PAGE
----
The Wall Street Journal’s Life and Culture section featured an overview of the growth of public, K-12 online schools across the country.
In the Nov. 12 article, Journal reporters Stephanie Banchero and Stephanie Simon wrote:
“Nationwide, an estimated 250,000 students are enrolled in full-time virtual schools, up 40% in the last three years, according to Evergreen Education Group, a consulting firm that works with online schools. More than two million pupils take at least one class online, according to the International Association for K-12 Online Learning, a trade group.
Although some states and local districts run their own online schools, many hire for-profit corporations such as K12 Inc. of Herndon, Va., and Connections Academy in Baltimore, a unit of education services and technology company Pearson PLC. The companies hire teachers, provide curriculum, monitor student performance—and lobby to expand online public education.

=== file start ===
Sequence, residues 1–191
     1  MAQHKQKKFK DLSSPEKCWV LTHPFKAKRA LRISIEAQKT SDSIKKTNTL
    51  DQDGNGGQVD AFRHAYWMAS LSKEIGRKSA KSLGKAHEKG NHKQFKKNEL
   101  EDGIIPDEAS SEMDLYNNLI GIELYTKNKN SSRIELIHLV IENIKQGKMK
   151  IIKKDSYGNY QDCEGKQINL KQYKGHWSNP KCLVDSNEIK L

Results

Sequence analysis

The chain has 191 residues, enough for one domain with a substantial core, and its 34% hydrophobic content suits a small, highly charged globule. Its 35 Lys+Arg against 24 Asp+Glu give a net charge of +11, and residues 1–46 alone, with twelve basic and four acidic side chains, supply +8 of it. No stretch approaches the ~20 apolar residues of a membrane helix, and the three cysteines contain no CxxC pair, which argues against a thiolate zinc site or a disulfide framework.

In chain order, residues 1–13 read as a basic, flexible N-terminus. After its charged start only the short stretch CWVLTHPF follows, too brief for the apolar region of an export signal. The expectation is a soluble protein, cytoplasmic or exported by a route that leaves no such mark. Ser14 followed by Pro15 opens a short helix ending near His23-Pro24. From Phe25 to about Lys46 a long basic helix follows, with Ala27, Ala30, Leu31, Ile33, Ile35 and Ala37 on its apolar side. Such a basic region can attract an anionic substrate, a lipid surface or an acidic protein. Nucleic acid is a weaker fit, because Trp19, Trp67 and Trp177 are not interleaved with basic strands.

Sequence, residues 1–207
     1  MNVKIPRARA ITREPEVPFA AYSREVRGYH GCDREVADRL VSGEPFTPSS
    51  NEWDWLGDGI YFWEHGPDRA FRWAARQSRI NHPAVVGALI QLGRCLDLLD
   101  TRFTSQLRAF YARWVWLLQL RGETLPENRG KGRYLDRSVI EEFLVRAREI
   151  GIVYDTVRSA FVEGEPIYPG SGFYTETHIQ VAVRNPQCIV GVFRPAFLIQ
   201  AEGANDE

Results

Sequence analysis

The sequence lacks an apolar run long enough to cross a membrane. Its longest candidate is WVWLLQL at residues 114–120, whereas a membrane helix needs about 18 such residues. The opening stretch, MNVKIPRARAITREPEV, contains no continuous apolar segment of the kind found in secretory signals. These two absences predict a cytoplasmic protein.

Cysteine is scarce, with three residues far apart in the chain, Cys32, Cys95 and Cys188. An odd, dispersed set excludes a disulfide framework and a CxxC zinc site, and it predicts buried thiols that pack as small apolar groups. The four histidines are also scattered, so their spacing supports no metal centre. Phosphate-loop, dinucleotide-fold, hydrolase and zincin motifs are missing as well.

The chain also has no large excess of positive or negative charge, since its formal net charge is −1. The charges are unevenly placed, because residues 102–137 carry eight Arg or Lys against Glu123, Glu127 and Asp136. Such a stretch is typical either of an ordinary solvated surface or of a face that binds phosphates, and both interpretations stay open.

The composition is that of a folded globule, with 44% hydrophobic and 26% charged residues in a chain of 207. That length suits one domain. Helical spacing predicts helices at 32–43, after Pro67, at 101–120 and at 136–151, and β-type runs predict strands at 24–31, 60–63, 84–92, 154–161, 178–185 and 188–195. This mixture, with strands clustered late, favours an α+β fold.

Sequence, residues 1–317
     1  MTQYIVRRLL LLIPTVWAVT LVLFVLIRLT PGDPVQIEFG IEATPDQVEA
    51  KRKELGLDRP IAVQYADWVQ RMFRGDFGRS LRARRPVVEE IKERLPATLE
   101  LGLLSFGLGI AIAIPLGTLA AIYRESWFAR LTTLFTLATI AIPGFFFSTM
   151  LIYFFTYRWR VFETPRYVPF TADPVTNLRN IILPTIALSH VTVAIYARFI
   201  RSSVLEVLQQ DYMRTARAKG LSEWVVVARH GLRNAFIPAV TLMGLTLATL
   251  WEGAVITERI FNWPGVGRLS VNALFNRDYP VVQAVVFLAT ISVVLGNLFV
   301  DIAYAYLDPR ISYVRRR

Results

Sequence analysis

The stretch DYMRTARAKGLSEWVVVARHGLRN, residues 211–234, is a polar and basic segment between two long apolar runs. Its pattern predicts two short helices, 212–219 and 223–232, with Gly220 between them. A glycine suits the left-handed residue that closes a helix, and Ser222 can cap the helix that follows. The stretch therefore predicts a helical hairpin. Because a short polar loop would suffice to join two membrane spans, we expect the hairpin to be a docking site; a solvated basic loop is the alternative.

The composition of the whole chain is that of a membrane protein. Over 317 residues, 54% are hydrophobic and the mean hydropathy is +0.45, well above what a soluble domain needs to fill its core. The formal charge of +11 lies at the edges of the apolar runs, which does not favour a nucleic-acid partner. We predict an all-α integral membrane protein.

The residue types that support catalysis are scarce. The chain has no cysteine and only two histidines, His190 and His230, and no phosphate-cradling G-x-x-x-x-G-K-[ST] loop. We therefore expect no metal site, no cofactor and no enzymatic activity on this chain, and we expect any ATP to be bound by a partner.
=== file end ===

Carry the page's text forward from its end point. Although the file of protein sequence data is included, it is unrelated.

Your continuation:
It’s all part of a burst of experimentation in public education, fueled in part by mounting budgetary pressures, by parental dissatisfaction with their kids’ schools and by the failure of even top-performing students to keep up with their peers in other industrialized countries. In the nation’s largest cities, half of all high-school students will never graduate.
Advocates say that online schooling can save states money, offer curricula customized to each student and give parents more choice in education.”
The article is accompanied by another story—“The ABCs of Online Schools,” written by Stephanie Simon. This article further discusses the role of parents, teachers and students in these cyber schools.